Web Animation - OoCities

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Nov 5, 2013 (3 years and 10 months ago)

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ImageFormats &Webani
mation

Image Formats


Why are there so many different image file formats?

There are many reasons for this but the primary ones are money and practicality. Some
file format developers (such as CompuServe with GIF) try to maintain some level of
control over their f
ormats. Other users and developers, of course, do not wish to submit to
this and so they develop their own formats. In addition, there are
real

differences among
the formats (see the chart above) and some formats really are better for certain
applications.

For example, if the file needs to be high quality but very small, JPEG is
good. For maximum quality, RGB is a good choice. For maximum compatibility, GIF
and PPM are good choices because they are very broadly used. For printing, PostScript is
the clear st
andard and often you
must

convert your file to PostScript before printing it (or
the printing software will do it for you). The list of formats and specific advantages goes
on and on so use that format which is best for your individual application.


Conver
ting Images


“I have been looking for a software program that will convert various graphics formats.
Is there such a program?”


The first thing to understand is that there are many, many image formats and
hundreds of software programs capable of converting

images. Many of these image
formats are
native

to one specific graphic application and are not offered as an
export option in other software.


Not all image formats are c
ompatible with one another. In general, you can almost
always convert between
bitmap

formats and from
vector

to
bitmap
. This is as simple
as opening the image in just about any image editor (or

image viewer) and choosing
the
Save As

command. You probably already have software t
hat you can use to do
this. For instance, the Microsoft Paint program that comes with Windows can convert
between BMP, JPEG, and GIF formats.


When you try to convert from a bitmap to a vector format, things get complicated.
To convert a bitmap to vector,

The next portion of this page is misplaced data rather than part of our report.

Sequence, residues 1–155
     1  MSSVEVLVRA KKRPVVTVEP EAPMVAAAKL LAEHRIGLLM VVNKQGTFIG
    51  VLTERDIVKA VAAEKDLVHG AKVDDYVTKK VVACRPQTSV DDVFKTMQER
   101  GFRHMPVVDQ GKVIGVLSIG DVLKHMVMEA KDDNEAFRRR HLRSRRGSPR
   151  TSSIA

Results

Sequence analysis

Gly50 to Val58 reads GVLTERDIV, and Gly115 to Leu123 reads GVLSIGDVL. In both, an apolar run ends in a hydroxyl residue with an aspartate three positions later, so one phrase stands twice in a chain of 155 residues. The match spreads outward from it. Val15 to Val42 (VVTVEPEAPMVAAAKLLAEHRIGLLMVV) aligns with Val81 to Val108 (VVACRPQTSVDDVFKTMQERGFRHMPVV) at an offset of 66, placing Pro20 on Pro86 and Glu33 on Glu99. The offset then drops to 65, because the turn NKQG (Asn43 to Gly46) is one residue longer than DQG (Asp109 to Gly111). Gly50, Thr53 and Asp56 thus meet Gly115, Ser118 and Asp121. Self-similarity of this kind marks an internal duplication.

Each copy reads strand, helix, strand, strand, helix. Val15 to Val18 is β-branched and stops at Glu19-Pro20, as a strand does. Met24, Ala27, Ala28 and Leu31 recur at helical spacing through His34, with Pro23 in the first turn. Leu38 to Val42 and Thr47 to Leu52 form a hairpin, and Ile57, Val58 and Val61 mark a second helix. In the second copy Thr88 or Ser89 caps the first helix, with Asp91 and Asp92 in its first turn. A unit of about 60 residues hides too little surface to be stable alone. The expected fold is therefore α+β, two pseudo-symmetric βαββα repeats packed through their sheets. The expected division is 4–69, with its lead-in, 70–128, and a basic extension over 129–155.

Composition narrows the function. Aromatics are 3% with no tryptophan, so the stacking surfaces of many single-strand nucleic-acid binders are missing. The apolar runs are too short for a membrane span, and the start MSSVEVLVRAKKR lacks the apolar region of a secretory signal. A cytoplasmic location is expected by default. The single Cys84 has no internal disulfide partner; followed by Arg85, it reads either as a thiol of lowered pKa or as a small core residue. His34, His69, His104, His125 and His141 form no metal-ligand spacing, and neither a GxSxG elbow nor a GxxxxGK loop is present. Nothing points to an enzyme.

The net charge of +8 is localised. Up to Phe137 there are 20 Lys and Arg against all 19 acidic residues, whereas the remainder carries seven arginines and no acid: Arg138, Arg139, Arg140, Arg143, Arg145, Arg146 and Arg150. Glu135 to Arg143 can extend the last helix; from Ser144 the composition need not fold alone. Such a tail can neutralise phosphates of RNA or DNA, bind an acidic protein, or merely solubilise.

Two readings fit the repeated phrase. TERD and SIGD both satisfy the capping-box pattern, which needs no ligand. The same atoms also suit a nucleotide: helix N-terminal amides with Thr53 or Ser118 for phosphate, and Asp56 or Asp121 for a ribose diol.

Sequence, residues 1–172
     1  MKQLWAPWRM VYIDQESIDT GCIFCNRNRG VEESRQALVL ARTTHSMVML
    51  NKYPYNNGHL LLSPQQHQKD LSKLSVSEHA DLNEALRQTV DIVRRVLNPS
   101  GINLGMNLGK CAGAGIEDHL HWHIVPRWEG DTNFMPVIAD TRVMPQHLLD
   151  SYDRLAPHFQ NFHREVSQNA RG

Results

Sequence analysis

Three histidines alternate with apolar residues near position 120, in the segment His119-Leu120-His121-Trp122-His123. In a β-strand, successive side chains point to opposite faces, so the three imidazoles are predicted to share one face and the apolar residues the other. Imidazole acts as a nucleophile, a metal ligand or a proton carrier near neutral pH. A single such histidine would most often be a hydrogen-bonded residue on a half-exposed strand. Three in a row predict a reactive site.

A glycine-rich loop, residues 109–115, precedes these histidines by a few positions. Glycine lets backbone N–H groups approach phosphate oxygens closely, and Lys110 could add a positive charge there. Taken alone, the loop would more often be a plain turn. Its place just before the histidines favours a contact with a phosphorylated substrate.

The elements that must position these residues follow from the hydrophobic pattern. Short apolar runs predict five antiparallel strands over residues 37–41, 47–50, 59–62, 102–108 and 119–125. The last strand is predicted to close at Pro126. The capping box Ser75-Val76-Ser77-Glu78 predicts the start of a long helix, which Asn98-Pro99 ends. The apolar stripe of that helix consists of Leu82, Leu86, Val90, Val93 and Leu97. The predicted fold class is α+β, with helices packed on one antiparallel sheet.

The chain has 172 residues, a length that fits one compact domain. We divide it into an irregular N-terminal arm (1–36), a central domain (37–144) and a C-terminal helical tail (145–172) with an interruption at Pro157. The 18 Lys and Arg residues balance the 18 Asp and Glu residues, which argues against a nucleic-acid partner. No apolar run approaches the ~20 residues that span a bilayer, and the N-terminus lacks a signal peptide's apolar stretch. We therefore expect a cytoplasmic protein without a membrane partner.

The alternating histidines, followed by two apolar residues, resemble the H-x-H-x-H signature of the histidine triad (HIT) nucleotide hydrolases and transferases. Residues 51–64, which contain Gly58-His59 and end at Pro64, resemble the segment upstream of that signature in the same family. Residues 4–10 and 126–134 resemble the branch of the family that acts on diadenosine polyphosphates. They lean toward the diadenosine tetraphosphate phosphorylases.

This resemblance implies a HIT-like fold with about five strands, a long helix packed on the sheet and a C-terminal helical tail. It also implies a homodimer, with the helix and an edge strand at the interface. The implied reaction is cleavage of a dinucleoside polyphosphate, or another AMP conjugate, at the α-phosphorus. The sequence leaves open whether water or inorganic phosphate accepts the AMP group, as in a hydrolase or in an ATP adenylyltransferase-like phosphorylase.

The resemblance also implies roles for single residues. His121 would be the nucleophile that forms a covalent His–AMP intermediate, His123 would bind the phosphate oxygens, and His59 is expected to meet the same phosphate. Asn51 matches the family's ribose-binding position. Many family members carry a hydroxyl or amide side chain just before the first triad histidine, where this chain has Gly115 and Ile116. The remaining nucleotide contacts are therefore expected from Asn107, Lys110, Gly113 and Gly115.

you need special software called
tracing software
.















ImageFormats &Webani
mation


Web animation


Animated GIFs

One of the biggest innovations in the history of the Internet was the ability to
integr
ate photographs and other illustrations with text on a web page. The
illustrations come in the form of
bitmap files
. A bitmap file simply describes the
color of each
pixel

in the image. To decrease the file size of these bitmap images,
several different te
chniques are used to
compress

the image data. Typically, Web
sites post these sorts of images as either
JPEG

files or
GIF

fi
les.

Animation is just a series of still images shown in sequence
, so the most
obvious way to add animation to a Web site is to post a series of bitmap images
that the user's browser displays in sequence. This sort of animation, called
GIF
animation
, or
G
IF89
, was the first Web animation to catch on, and it is still very
popular today.

The main advantages of GIF animation are that it is incredibly simple to work with
and it is automatically recognizable to most Web browsers. With a shareware
program, such

as
GIF construction set

for Windows or
GifBuilder

for Macintosh,
all you have to do is provide the individual bitmap images that make up the frames
of your animation. You then post the file

and code the tag for the image, just as
you would with an ordinary static GIF.

The disadvantage is that you have to keep the animation pretty simple to keep the
file size down. After all, each frame is a full bitmap image. Four simple frames
transmit ver
y easily to most users, but when you get up to something like 20
frames, your file size could be too big. And you can't even accomplish very much
with 20 frames
--

the fluid animation we see in movies includes at least 24 still
images every second
--

so an
imated GIFs are fairly limited. To create a movie of
any substantial length, you have to make pretty big jumps between each frame,